Benefactor Campus Experience 2021: From Genetic Switches to Electronic Skin
Director of NUHS Cardiovascular Disease Translational Research Programme Professor Roger Foo Sik Yin sharing lifesaving research findings with benefactors
Tackling pandemic fatigue, triggering the self-healing of the heart, gleaning health insights from electronic skin and Kiasunomics© are the key topics of this year’s Benefactor Campus Experience.
On its sixth run, this half-day event held on 28 August 2021, brought the benefactors of the National University of Singapore through a series of specially curated classroom experiences helmed by four world-class researchers.
The insights shared gave benefactors a peek into cutting-edge research and how their contributions towards the University are, in turn, impacting the world.
NUS Medicine, a Gamechanger in Tackling Heart Disease
Professor Roger Foo Sik Yin
Zayed Bin Sultan Al Nahyan Professor of Medicine
NUS Yong Loo Lin School of Medicine
Invited speaker Prof Roger Foo Sik Yin passionately shared how he is seeking to redefine what is possible in medicine.
There is an alarming rise in the rate of heart failure globally, with the burden of heart failure in Asian countries remarkably higher than that of the rest of the world. Despite undergoing treatment for their condition, heart failure patients still live with a lower functioning heart for life.
Unless patients undergo a heart transplant or attach an assistive device to their heart, their heart function cannot be restored, as most available medical treatments only address the disordered physiological processes associated with heart failure.
Discontent with the limitations of medical science, Prof Foo’s research aims to solve the root issue, which is restoring heart function.
In his research on altering gene programmes, Prof Foo seeks to uncover a magical genetic “switch” that he can flick to push the heart towards self-healing. By reprogramming cells, a heart’s scar tissues can turn into well-functioning heart muscle tissue.
Pairing this with the discoveries of other NUS cardiovascular researchers and the National Precision Medicine Programme, the School is set to reduce the incidence of heart failure, optimise care for patients and reverse the effects of heart failure.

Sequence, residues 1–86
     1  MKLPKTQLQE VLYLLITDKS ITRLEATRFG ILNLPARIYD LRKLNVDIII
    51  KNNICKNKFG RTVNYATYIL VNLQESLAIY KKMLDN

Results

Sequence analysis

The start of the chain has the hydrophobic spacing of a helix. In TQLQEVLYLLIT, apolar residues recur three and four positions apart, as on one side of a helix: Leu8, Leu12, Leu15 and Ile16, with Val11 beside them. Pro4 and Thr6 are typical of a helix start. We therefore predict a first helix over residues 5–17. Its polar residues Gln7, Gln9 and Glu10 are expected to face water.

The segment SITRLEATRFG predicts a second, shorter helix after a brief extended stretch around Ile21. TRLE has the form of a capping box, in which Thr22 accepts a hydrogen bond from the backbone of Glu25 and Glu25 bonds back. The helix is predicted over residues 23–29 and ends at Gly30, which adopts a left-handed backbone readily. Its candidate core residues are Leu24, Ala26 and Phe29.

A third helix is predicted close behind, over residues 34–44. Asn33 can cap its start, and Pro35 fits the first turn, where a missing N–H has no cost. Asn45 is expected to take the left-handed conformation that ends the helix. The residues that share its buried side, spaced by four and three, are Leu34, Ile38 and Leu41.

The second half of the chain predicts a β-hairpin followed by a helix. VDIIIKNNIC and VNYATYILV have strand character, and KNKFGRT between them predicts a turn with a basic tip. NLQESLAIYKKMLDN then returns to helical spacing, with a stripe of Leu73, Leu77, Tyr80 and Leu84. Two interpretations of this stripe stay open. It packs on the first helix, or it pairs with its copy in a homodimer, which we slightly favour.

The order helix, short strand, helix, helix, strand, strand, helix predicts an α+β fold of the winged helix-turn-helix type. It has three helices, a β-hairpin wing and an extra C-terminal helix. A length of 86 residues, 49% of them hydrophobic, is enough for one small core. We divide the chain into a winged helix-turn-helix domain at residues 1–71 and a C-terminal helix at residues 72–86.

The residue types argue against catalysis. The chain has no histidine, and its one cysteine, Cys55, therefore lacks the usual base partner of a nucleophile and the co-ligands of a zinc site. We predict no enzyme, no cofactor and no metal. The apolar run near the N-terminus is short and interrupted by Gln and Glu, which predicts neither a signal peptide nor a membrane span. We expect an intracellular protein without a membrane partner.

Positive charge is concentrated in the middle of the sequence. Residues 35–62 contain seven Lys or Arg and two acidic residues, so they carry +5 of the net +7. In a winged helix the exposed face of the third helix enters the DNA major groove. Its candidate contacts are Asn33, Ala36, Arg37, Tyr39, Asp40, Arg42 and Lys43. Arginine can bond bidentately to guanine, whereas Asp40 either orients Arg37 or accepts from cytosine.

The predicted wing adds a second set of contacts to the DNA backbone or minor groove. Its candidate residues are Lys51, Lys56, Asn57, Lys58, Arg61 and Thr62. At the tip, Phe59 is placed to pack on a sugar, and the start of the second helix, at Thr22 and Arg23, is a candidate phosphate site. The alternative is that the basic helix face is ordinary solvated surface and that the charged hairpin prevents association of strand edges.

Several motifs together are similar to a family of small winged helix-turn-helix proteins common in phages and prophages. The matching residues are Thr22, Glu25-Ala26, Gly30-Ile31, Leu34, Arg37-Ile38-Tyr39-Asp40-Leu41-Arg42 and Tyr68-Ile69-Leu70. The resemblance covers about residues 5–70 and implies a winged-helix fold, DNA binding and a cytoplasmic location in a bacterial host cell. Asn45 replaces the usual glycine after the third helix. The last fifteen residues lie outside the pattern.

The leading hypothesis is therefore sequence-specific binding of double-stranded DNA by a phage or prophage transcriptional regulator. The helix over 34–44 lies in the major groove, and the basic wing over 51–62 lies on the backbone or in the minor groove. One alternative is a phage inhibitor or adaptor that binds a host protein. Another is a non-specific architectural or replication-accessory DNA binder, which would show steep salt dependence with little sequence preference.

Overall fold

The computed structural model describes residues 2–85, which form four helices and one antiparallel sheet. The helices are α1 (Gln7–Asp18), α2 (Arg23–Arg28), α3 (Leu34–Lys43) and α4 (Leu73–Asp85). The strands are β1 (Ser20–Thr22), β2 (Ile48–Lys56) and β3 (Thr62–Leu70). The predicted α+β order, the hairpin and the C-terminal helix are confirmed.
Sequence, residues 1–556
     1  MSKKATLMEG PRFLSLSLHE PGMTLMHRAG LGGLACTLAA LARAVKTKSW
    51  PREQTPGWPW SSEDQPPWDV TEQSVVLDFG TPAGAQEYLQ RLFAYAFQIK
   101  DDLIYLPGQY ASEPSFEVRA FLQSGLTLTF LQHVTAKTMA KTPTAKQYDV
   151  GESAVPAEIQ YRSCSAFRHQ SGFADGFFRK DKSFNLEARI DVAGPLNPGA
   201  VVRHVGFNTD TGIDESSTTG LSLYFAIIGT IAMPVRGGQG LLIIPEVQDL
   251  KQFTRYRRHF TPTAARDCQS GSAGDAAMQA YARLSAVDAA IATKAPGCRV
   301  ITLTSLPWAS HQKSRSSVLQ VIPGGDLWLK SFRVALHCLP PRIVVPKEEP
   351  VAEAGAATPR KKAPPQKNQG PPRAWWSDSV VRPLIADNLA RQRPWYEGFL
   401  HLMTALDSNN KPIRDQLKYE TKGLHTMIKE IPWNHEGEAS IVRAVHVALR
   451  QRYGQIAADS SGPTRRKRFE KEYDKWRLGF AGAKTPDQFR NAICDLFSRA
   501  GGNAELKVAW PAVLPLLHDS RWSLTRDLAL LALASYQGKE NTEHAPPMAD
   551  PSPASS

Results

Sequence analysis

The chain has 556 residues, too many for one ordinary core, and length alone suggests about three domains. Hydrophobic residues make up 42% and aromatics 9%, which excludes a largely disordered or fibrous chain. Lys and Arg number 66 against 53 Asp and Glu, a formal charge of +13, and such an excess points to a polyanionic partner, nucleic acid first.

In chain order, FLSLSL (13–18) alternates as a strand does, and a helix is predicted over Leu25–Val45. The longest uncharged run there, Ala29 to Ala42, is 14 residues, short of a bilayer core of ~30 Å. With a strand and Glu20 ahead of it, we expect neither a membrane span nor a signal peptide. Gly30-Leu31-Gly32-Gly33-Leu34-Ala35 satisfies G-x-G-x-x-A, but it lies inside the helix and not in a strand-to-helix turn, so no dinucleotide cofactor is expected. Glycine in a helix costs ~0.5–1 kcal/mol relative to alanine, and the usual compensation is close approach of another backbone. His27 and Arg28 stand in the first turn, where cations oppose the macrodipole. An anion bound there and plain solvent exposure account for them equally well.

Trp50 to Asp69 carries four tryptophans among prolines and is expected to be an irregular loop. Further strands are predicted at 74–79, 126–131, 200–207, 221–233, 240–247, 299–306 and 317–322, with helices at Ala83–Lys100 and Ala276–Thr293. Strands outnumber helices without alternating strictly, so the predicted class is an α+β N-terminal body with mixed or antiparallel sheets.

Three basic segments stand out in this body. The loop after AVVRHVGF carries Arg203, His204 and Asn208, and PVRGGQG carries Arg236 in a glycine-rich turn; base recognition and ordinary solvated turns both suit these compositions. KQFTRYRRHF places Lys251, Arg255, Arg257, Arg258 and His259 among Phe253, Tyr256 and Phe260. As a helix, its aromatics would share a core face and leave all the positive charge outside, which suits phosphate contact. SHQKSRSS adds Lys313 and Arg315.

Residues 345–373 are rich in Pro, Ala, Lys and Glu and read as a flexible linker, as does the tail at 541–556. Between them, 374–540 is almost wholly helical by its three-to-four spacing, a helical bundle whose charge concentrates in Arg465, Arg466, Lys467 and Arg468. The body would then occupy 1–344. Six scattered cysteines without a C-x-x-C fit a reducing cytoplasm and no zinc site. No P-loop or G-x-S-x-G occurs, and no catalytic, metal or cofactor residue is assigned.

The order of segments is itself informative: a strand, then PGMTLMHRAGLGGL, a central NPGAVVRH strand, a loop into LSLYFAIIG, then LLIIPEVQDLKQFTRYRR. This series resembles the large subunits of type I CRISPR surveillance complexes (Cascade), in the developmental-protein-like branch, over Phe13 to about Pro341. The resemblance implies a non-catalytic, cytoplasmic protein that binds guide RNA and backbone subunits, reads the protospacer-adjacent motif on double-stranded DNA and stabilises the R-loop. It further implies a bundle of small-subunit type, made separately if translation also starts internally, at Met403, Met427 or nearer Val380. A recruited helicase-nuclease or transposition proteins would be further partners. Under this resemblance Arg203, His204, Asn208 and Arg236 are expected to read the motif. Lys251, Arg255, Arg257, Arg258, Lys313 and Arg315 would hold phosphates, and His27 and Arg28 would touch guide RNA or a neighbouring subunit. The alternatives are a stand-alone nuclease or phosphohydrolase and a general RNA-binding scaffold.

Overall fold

Needless to say, this next-generation medicine is a gamechanger that carries the promise of making a lasting impact on human health globally.
Pandemic Fatigue and Mental Resilience in the Time of Covid-19
Professor Kua Ee Heok
Tan Geok Yin Professor in Psychiatry and Neuroscience
NUS Yong Loo Lin School of Medicine
In a long-drawn battle against the COVID-19 pandemic, many are experiencing a condition recently coined as “pandemic fatigue”, which is characterised by insomnia, irritability and “the blues”, among other symptoms, said Prof Kua.
In his classroom experience, Prof Kua shared how to look out for mental health risks and “seven habits to prevent COVID-Anxiety”.
Armed with valuable tips on the importance of exercise, building a solid social support network, recreation and mindfulness, benefactors are now better equipped to face this COVID-19 endemic phase with greater mental resilience.
Professor Kua Ee Heok sharing about the curious relationship between our gut and brain
Kiasunomics©: Stories of Singaporean Economic Behaviours
Professor Sumit Agarwal
Low Tuck Kwong Distinguished Professor
NUS Business School
In the next classroom, Prof Agarwal shared research insights into unique Singaporean economic behaviours covered in his book, Kiasunomics©.
His study uncovered unexpected economic correlations to the day-to-day behaviours of Singaporeans. For instance, he shared how household energy consumption varies based on their distance from hawker centres, how pollution influences productivity, and even how people’s spending patterns change after learning that their neighbour has gone bankrupt.
These enlightening economic insights, while light-hearted, bear policy implications on transportation, health, housing and retirement issues in Singapore.
Author and professor Sumit Agarwal gives a sneak peek into the economic behaviours of the “kiasu” Singaporean
Electronic Skins as a Window to Health
Assistant Professor Benjamin Tee Chee Keong
President’s Assistant Professor
NUS Faculty of Engineering
Artificial Intelligence (AI) and health are two of the most popular buzzwords of today. But what if we merged the two?
Dr Tee has done just that with his research group, Sensors.AI. In his classroom experience, the 2019 World Economic Forum Young Scientist of the Year gave benefactors a peek into the curious electronic skins his team has developed.
Just like how the human skin is packed with billions of nerve endings, these electronic skins have a network of sensors that can sense temperature, pressure or humidity. Dr Tee’s team applied this electronic skin to prosthetic limbs and robots to give users a more complex sense of touch.
They also developed a self-repairing material that they hope will someday be used to make mobile touchscreens, prosthetics and soft robots that can “heal” themselves from scratches.
Dr Tee and his team are now looking into how these electronic skins can be applied in the clinical context where their sensors can provide insights into an individual’s health.
Indeed, it will be exciting to see how an innovation inspired by Luke Skywalker’s robotic hand will shape the future of our healthcare tomorrow.
Assistant Professor Benjamin Tee Chee Keong unveils innovations in Health, Artificial Intelligence and Robotics.